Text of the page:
Top Doctors 2020: Nephrology

Part of our 20th annual list of the region's best physicians
| FROM THE PRINT EDITION |
 
 

Nephrologists treat kidney disorders, diabetes, renal failure and other illnesses.

This article appears in print in the April 2020 issue as part of the Top Doctors cover story. Click here to subscribe.

Cyrus Cryst, M.D., diabetes, fluid/electrolyte disorders, hypertension; Virginia Mason Medical Center, Nephrology, 1100 Ninth Ave., Seattle, 206.223.6673; Virginia Mason Medical Center

Leah A. Haseley, M.D., glomerulonephritis, autoimmune kidney disease, chronic kidney disease; Kidney Clinic at Harborview Medical Center, 410 Ninth Ave., Seattle, 206.744.8998; Harborview Medical Center, University of Washington Medical Center

Rex F. Ochi, M.D., dialysis care, glomerulonephritis, hypertension; The Polyclinic Madison Center, Nephrology, 904 Seventh Ave., Seattle, 206.860.2286; Swedish Medical Center–First Hill, Swedish Medical Center–Cherry Hill

Oliver S. Tai, M.D., acute kidney disease, chronic kidney disease; Snohomish Kidney Institute, 2707 Colby Ave., Suite 718, Everett, 425.339.5413; Providence Regional Medical Center Everett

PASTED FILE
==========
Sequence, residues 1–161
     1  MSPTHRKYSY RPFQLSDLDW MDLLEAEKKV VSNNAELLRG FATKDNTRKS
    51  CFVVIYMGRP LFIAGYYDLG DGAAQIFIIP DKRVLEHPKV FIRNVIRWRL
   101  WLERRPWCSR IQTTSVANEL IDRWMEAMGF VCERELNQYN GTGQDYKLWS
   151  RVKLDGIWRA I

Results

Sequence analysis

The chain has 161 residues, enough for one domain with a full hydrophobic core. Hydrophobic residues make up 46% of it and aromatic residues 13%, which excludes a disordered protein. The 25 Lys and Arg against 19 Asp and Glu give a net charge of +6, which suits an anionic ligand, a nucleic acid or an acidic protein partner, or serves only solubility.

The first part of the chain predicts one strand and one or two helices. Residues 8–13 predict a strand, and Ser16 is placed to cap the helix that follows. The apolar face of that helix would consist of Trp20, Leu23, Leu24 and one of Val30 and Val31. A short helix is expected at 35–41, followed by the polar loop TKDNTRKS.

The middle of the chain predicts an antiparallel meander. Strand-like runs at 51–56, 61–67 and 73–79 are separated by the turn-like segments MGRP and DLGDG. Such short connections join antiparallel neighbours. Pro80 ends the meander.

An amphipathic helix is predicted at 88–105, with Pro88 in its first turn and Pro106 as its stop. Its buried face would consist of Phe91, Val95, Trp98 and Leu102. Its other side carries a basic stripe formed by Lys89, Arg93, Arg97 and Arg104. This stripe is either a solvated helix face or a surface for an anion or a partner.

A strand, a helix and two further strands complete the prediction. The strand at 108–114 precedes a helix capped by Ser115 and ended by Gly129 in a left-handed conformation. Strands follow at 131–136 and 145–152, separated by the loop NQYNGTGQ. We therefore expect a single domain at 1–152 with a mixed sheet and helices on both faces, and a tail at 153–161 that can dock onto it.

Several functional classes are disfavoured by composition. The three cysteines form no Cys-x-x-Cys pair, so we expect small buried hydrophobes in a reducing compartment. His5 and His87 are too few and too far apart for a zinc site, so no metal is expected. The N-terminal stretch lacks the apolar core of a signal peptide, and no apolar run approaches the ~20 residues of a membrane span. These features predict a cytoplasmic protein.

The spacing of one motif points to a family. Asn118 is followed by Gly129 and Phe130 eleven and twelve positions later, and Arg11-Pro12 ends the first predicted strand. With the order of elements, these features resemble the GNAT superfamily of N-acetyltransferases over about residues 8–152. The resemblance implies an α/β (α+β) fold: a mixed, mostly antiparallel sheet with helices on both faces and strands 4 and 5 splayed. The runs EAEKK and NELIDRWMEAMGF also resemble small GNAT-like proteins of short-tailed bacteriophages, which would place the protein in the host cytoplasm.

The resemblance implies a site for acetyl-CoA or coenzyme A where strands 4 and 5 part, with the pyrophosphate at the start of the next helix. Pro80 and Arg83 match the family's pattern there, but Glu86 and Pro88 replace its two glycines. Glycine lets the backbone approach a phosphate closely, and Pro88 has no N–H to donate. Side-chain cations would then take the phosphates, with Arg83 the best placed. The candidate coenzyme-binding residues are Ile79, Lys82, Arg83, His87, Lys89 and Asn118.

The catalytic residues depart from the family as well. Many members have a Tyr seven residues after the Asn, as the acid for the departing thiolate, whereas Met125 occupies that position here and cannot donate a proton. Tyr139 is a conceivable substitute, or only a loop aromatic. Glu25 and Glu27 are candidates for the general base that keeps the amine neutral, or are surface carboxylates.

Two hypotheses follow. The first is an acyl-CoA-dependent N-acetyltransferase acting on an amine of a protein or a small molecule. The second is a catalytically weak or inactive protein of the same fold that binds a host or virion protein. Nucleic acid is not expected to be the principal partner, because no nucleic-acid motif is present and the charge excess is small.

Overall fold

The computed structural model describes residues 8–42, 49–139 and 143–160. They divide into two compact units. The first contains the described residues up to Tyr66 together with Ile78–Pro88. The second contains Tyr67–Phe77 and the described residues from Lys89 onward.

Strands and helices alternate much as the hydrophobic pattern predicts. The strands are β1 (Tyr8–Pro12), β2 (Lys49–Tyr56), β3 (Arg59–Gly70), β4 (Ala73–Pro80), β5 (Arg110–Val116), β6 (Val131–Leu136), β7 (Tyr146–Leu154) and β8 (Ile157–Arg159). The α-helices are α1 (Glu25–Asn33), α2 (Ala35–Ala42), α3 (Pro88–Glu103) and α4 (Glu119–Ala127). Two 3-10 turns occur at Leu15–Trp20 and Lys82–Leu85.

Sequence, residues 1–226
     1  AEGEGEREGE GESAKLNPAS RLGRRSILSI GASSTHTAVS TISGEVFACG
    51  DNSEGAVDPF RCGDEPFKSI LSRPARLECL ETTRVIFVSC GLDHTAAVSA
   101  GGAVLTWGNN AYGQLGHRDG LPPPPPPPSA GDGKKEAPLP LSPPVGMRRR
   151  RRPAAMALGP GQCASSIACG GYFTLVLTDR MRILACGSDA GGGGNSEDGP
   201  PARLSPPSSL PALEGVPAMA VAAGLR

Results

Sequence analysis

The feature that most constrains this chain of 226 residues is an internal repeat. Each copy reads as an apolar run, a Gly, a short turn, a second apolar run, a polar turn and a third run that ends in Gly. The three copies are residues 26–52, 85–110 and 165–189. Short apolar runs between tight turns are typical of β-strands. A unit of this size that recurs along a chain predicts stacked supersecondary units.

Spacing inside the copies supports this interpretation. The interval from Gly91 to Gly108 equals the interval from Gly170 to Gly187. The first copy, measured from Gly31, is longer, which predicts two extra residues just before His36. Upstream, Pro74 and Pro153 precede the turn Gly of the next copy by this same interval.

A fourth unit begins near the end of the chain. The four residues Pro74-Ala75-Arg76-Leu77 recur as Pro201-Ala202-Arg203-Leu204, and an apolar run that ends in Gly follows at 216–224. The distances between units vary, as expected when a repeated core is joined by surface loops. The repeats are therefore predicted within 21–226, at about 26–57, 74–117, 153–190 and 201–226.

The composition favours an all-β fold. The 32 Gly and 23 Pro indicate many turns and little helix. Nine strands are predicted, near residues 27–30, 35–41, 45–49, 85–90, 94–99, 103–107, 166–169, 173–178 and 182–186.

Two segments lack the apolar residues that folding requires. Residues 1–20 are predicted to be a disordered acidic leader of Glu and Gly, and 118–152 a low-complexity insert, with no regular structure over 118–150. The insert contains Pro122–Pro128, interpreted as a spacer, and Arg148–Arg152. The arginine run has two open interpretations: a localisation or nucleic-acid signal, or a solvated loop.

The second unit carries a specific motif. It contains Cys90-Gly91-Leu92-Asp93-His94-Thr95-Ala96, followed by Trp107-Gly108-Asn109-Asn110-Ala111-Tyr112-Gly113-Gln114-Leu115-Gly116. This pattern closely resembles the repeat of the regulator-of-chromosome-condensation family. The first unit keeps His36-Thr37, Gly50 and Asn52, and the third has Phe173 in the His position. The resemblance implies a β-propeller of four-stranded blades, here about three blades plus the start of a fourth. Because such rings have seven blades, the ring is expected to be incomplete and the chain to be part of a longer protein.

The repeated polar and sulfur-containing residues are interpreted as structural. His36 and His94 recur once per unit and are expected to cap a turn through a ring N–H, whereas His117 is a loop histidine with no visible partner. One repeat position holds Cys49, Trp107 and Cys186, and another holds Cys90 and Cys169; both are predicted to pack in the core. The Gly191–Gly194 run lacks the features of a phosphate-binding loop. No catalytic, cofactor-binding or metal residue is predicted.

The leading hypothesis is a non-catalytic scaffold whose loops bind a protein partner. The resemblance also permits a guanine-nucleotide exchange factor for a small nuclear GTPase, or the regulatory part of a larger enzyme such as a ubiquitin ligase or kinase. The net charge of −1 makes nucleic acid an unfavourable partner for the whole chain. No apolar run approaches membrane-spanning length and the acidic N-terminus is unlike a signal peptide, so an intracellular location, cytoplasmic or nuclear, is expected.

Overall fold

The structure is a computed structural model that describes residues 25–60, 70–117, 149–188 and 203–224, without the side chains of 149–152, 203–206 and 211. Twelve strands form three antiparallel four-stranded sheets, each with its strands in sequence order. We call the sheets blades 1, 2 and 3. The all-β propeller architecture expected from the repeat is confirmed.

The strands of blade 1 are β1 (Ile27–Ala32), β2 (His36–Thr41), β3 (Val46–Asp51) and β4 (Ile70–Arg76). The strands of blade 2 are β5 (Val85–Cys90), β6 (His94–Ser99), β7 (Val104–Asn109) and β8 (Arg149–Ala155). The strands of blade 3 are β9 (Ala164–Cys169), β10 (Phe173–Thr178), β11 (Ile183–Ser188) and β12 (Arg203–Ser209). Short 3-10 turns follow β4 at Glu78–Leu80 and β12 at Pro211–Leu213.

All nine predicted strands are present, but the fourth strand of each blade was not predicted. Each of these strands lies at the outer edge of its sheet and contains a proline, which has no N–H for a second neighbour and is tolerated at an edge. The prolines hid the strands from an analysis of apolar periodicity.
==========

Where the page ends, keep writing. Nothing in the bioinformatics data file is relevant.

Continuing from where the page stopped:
Ilan Zawadzki, M.D., dialysis care, diabetic kidney disease, hypertension; Kaiser Permanente Washington Capitol Hill Medical Center, Nephrology, 201 16th Ave. E, Seattle, 206.326.3587; Swedish Medical Center

Credentials
A guide to the abbreviations used in this list to indicate medical and professional degrees:

DMD Doctor of Dental Medicine
D.O. Doctor of Osteopathy
MBA Master of Business Administration
MBChB Bachelor of Medicine & Bachelor of Surgery (U.K. and other countries outside the U.S.)
M.D. Doctor of Medicine
MPH Master of Public Health
MSCE Master of Science in Clinical Epidemiology
MS/MSCI Master of Science (many countries outside the U.S.)
Ph.D. Doctor of Philosophy (doctorate)
Each physician’s primary practice location is listed after their specialties; additional hospital affiliations follow.

* One asterisk after a physician’s name means the physician is not seeing new patients, but may refer within the department, group or practice.
** Two asterisks mean that the physician is not seeing new patients, but can take new patients by referral. The doctor may also take relatives of current patients.

Doctors do not and cannot pay to be selected as a Top Doctor. To learn how doctors are selected, please click here.

Related Content

This article appears in print in the April 2020 issue as part of the 

Part of our 20th annual list of the region's best physicians

Part of our 20th annual list of the region's best physicians

Part of our 20th annual list of the region's best physicians